Here is my attempt:

If $0$ is not to be any digit of the number, then there are $5 \times 4 \times 3 = 60 = ^5P_2$ possibilities for a 3-digit number, whereas there are $5 \times 4 = 20 = ^5P_3$ possibilities for a 2-digit number. So there are $60 + 20 = 80$ possible numbers between $10$ and $1000$ inclusive formed from the digits $2, 3, 4, 5, 6$.

If $0$ is to be in the unit place, then there are $5 \times 4 = 20$ possibilities for a 3-digit number, and there are $5$ possibilities for a $2$-digit number. So there are a total of $20 + 5 = 25$ numbers formed from these digits with $0$ in the unit place.

If $0$ is to be in the tenth place, then there are no 2-digit numbers, and $5 \times 4 = 20$ 3-digit numbers, totaling to $0 + 20 = 20$ numbers.

Thus there are a total of $80 + 25 + 20 = 125$ numbers.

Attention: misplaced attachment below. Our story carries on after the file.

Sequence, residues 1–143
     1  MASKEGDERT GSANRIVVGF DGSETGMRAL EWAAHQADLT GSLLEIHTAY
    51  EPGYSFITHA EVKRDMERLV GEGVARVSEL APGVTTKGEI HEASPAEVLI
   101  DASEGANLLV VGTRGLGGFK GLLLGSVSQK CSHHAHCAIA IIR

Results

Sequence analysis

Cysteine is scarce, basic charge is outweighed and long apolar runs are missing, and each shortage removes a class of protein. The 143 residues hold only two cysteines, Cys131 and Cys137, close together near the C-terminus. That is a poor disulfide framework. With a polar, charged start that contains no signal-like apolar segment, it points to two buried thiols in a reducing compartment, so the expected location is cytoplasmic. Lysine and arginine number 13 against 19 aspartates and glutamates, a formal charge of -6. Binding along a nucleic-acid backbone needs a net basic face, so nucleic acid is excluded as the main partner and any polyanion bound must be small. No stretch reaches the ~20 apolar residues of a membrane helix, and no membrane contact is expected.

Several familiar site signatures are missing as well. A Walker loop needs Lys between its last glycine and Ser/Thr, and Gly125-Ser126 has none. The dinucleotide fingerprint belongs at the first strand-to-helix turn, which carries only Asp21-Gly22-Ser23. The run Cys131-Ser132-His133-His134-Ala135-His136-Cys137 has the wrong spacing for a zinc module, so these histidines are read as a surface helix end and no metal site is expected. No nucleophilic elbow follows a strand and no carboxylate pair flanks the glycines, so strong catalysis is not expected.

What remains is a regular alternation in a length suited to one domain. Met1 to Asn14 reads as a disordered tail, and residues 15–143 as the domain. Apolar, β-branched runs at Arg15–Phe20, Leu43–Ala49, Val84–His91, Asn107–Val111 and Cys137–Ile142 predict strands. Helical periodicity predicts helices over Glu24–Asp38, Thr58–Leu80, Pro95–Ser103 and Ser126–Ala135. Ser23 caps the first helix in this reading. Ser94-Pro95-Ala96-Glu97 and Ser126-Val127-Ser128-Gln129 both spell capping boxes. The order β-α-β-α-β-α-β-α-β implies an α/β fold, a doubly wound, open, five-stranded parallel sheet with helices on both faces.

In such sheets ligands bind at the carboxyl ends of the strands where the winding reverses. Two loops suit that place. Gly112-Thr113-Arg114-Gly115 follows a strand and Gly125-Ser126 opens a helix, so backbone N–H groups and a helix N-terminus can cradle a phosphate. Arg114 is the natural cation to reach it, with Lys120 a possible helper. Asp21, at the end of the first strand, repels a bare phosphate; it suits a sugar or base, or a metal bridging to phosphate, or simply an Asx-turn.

Is this calculation correct?

If not, then where lies the problem?


That is absolutely correct. Here’s another way to think about the digits:

We need to start our number with something that isn’t zero. There are 5 possibilities.

We need a next digit and it might be zero but it can’t be the same as the previous so there are 5 possibilities

The third digit can be any digit we’ve not already used, including zero, (4 possibilities) or it can be “no digit at all” (ie end the number at two digits). Thus there are 5 possibilities

So the answer is $5\times5\times5=125.$

We note that we don’t care about 4 digit numbers because the only 4 digit number to consider is 1000 and that has a 1 in it which we aren’t allowed.


First we deal with all two digit numbers ($11 - 99$). There are two numbers to pick, and tens place cannot be $0$. Hence number of ways are $5\cdot 5$.

Now three digit numbers ($100-999$). Again we cannot have $0$ at hundreds place, so we have $5\cdot 5 \cdot 4$ ways.

In all we have $5^3$ numbers.

  • $\begingroup$ @B.Goddard Thats what we get without repetition only. tens place has 5 possibilities, and ones place too has 5 (4 unused + "0") $\endgroup$ – samjoe Dec 13 '17 at 12:17

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